nurse in green scrubs holding ipad, standing over young white brunette girl smiling sitting on hospital bed

‘Most Connected Hospitals’ Embrace EHRs

Many of the young patients at Children’s Medical Center Dallas were born in the era of the electronic health record, or EHR. They’ve never had a paper medical chart--and they probably never will.

“All of their medical records as they advance…are going to be electronic,” said Chris Menzies, M.D., chief medical information officer.

Children’s Medical Center Dallas is one of the nation’s Most Connected Hospitals, according to the U.S. News Media Group. That means that it’s one of the leaders in the move toward the full use of an integrated electronic health record system, also known as an electronic medical records (EMR) system.

The list of Most Connected hospitals, published in U.S. News & World Report, spotlights those hospitals that are known for their clinical excellence as well as their significant digital advancements in this arena. The 2011-2012 list, which was released in July, includes 118 hospitals.

The hospitals on the Most Connected list have achieved one of the top two levels of EHR adoption, as scored by HIMSS Analytics, a division of the nonprofit Healthcare Information and Management Systems Society. Their EMR Adoption Model, or EMRAM, scale ranges from Stage 0 (no use of EMRs) to Stage 7 (full use). Stage 7 denotes that a hospital is “truly paperless,” with all entities--including both providers and patients--able to share and exchange information.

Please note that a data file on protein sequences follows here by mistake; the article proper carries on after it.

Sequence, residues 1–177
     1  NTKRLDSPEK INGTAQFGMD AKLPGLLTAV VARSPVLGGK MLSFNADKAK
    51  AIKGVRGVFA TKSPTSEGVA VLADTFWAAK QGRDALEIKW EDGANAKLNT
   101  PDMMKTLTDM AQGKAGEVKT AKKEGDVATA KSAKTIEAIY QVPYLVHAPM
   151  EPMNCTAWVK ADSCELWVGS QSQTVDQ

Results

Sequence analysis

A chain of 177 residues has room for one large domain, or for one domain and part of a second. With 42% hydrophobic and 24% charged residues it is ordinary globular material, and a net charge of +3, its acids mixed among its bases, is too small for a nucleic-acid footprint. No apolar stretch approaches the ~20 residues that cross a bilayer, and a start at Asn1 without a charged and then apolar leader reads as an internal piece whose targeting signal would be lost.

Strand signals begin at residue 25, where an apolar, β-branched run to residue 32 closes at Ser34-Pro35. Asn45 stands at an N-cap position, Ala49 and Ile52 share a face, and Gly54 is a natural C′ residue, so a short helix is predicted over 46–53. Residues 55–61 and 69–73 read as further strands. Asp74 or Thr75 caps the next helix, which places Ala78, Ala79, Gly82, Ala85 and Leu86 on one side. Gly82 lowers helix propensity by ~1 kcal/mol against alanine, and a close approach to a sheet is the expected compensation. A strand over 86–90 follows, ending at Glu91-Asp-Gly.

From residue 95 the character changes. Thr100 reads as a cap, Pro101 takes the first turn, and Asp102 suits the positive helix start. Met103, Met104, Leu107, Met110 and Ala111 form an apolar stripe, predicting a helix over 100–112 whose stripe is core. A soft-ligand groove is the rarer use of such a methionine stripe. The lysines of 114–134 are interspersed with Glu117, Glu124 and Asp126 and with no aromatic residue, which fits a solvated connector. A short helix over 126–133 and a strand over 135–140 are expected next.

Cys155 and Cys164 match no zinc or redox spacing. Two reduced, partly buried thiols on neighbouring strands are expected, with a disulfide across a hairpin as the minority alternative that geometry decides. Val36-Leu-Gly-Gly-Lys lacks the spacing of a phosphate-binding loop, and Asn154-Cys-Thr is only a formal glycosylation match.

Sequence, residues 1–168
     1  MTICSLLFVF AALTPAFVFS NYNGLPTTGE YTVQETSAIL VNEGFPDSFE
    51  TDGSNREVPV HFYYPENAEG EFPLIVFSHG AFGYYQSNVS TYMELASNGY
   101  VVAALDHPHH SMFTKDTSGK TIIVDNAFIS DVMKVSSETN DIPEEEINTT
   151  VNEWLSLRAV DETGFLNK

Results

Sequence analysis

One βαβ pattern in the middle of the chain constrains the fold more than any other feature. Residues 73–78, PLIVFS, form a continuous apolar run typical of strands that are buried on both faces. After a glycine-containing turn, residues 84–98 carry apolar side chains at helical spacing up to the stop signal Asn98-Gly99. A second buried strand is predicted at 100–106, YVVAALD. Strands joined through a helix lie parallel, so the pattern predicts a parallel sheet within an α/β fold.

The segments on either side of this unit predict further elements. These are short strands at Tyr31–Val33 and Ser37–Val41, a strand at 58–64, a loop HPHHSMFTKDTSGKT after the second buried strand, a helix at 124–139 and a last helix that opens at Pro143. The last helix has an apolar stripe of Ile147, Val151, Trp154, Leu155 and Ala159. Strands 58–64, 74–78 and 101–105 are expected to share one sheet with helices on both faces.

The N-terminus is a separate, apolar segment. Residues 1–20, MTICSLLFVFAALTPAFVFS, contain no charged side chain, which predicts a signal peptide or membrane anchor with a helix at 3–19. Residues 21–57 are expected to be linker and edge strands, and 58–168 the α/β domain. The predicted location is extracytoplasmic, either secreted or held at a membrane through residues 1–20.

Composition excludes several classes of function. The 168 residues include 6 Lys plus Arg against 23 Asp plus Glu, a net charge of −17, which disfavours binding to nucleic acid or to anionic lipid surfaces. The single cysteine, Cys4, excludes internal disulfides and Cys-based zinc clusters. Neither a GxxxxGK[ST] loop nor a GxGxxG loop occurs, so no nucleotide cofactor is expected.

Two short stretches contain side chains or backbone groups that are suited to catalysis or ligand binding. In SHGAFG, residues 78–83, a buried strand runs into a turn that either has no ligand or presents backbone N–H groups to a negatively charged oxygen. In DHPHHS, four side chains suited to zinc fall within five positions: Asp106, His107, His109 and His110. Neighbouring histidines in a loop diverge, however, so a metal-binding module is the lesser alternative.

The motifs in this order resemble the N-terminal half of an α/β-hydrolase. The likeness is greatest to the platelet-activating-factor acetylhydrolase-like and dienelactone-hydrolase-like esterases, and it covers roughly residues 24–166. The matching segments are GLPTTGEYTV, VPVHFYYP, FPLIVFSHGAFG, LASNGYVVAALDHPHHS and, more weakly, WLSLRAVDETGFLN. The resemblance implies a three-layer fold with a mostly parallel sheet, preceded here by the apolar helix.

Children’s Medical Center Dallas is one of the elite Stage 7 hospitals on the list. In fact, it has already achieved certification for the first stage of meaningful use for its adoption of an integrated EHR system, as stipulated by the Centers for Medicare & Medicaid Services (CMS). It’s one of the few organizations in Texas that has done so, Menzies said, and the organization has already received its reimbursement: a check for $3.84 million arrived in May.

Stanford Hospitals & Clinics was also recognized as achieving Stage 7 on HIMSS’ EMR Adoption Model on the Most Connected Hospitals list. According to the chief medical information officer, Pravene Nath, M.D., the hospital achieved that status around the end of 2009 and is working toward meeting all the requirements for Stage 1 of meaningful use.

Stanford’s EHR allows the organization to keep better track of its patients and their information across both the inpatient and outpatient settings, Nath said. And it’s even possible, albeit complicated, to exchange data with non-Stanford providers who use the same vendor (Epic).

The University of Wisconsin Hospital and Clinics, which is based in Madison, is another healthcare organization that has already achieved HIMSS Analytics’ Stage 7 and appeared on the Most Connected Hospitals list.

Thanks to the EHR, family practice physician David Kunstman, M.D., doesn’t need to order repeat tests or lab work because previous results somehow didn’t make it into his patient’s chart.

“It’s all in one nice little package,” he said. “Patient care is definitely a lot more efficient.”

Also, he can update the chart with tests, medications, prescription orders and other relevant information so that other providers can see the most current information in real time. That has significantly helped improve communication, especially for patients who have multiple physicians caring for them. Even the providers who initially clung to the paper charts have bought in.